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Great Lakes Article:

Pollution sources to be discussed in Michigan and Indiana

Reports show E. coli comes from many places
By Sue Lowe
South Bend Tribune

It's going to take some changes by lots of people to clean up the St. Joseph River.

People from agencies that are charged with protecting the environment in Michigan and Indiana recently completed a study on one form of pollution, E. coli, and found it's not all coming from pipes that dump somebody's waste into the river.

It's coming from things like private septic systems and livestock wading into the river or the smaller streams that run into it.

Meetings on the research will be held at 9:30 a.m. (Michigan time)Wednesday in the Love Creek Nature Center in Berrien Center and at 6 p.m. (Indiana time) Thursday in the Mishawaka-Penn-Harris Library in downtown Mishawaka.

E. coli is tiny bacteria that comes from the intestinal tract of warm-blooded animals.

The bacteria don't live long outside the bodies of animals or birds, so if E. coli is found in the water, there are traces of feces there, too.

And since it's fairly easy to test for E. coli, it's used as the indicator of possible problems.

The bacteria live naturally in our bodies, and most of them are harmless. But some of them and some of the pathogens that accompany them can make people sick.

The St. Joseph River has been designated as impaired from where it enters Indiana east of Elkhart through Elkhart and St. Joseph counties in Indiana and Berrien County in Michigan until it runs into Lake Michigan.

Because of that, the Michigan Department of Environmental Quality (MDEQ) and the Indiana Department of Environmental Management (IDEM) have written Total Maximum Daily Load (TMDL) reports required by the federal government.

The first drafts of those reports will be reviewed at the meetings.

Staci Goodwin, who is in charge of the Indiana side of the research, said it shows that the E. coli is "probably something that's there (in the river) all the time."

That means it's not just washing in during heavy rains.

"It can be just that people need education," she said. "Their septic systems may just not be maintained. It may never have been brought to people's attention that letting cattle stand in the stream could be causing a problem."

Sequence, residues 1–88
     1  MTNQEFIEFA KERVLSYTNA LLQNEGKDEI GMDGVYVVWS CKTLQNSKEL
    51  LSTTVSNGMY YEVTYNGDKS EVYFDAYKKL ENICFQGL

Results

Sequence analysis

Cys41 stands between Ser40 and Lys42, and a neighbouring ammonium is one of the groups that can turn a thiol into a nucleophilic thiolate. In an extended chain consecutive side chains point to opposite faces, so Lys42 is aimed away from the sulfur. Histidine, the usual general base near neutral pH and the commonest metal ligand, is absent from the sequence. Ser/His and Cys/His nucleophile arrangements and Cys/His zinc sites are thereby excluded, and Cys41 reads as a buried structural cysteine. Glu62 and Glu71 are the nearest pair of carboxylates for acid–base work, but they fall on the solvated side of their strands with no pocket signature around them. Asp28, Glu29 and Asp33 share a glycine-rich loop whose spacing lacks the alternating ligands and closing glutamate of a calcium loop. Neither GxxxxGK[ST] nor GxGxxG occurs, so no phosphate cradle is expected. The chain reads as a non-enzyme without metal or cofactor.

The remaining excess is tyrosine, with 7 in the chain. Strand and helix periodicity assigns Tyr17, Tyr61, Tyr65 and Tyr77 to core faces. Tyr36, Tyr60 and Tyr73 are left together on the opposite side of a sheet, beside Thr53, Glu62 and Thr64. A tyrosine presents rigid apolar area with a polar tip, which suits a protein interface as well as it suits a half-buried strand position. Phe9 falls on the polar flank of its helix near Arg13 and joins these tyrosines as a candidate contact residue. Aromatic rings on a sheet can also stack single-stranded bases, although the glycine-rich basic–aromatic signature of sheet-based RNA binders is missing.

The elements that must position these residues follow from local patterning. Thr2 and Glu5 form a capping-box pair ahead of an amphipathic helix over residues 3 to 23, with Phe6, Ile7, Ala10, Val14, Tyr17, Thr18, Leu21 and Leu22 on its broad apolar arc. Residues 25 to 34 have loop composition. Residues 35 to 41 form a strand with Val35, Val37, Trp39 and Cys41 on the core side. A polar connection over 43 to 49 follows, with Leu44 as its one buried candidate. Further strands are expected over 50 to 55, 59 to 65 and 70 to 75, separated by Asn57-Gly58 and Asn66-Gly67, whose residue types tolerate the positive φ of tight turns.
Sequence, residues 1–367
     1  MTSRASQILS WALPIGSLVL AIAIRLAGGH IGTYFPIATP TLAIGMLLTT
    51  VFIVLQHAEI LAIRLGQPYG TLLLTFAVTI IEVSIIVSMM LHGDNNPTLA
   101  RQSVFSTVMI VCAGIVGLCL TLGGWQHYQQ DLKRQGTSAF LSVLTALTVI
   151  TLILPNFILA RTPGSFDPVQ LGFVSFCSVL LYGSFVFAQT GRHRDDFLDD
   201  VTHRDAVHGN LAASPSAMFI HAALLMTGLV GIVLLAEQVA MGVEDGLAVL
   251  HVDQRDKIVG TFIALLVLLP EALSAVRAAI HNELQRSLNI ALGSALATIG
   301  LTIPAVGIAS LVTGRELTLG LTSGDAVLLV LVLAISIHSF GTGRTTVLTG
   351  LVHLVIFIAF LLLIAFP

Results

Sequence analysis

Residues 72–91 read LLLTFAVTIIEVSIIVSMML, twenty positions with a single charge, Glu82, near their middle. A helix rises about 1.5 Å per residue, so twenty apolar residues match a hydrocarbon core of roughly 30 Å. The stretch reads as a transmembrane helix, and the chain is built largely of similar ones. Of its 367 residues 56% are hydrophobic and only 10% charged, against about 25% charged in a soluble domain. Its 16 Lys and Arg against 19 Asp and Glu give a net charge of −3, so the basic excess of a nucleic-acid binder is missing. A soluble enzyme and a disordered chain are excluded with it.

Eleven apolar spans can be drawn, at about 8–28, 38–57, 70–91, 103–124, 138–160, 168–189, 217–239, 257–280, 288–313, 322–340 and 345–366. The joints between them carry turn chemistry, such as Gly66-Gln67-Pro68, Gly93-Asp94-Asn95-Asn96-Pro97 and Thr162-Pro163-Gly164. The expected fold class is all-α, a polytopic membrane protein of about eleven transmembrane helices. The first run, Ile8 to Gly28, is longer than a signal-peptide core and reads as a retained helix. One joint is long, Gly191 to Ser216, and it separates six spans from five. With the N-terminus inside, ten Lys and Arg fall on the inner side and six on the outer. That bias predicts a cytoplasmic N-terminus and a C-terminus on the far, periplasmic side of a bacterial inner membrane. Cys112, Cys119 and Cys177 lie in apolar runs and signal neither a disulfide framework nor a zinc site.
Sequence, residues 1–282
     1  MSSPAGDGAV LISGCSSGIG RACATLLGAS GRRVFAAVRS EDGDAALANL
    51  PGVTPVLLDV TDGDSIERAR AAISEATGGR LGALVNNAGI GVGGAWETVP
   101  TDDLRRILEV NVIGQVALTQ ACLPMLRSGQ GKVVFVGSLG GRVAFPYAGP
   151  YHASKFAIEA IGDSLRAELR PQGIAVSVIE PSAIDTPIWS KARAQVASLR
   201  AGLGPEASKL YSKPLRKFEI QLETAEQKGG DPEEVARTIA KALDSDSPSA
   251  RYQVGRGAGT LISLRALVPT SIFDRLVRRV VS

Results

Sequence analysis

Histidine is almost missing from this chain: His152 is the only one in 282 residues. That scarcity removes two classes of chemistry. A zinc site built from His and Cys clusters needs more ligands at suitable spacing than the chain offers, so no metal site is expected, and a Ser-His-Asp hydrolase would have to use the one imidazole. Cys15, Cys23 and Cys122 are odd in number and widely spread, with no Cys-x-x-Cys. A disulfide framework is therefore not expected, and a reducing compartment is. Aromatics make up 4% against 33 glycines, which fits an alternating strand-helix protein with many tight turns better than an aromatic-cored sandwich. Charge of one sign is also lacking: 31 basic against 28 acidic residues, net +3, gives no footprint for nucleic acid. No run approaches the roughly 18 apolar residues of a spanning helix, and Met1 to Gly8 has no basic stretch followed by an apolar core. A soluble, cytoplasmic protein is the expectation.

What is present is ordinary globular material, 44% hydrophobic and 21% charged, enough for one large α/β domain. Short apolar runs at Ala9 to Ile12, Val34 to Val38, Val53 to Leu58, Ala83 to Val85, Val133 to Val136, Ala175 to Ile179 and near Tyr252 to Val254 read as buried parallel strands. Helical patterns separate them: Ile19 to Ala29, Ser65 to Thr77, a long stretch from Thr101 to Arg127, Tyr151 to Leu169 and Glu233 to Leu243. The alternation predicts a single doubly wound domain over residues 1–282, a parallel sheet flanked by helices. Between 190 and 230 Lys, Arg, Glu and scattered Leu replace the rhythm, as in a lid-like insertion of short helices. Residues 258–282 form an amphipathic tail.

She said IDEM will write an implementation plan on how to control E. coli, although most of the actual work will have to be done locally.

Christine Alexander, with the Michigan agency involved, said that state will also come up with an implementation plan.

The Michigan report says units of government along the river may be required to control sources, including storm water runoff.

The Indiana report discusses studies and projects intended to eliminate all sources of pollution in the St. Joseph or its tributaries and said they have begun to have some success.

The two reports include technical informational with the exact amounts of E. coli found at various points in the river along with graphs showing how conditions in the river, including the volume of water, relate to the amount of pollutants.

The object of all that is to figure out how much E. coli discharged into the river from various sources has to be reduced in order for the river to be clean enough for people to swim in it.

The public now has a chance to comment on the reports, and those reports must be submitted to the U.S. Environmental Protection Agency for approval.

The IDEM reports says that the river is clean enough not to be considered impaired from where it enters Indiana from Michigan to Elkhart.

Although there is E. coli in the river even when the weather is dry, the reports from both states show conditions are worse just after a rain. Rain washes E. coli from sources such as agriculture into the stream but probably the largest increase comes from sewage plants along the river.

In most of the sewer systems in the United States, storm water and sewage from homes and businesses all go to the water treatment plant.

On a normal day that works fine, but during a rain storm, there's too much water for the treatment plant to handle, so it goes directly into the river through an overflow pipe, taking sewage from homes and families with it.

Elkhart and Mishawaka have submitted plans to correct the problem to the state and federal governments. Goshen and Wakarusa must submit their plans by the end of 2004 and South Bend must submit its plans by the end of 2005.

In Michigan, Niles and St. Joseph have started the process of eliminating the discharges.

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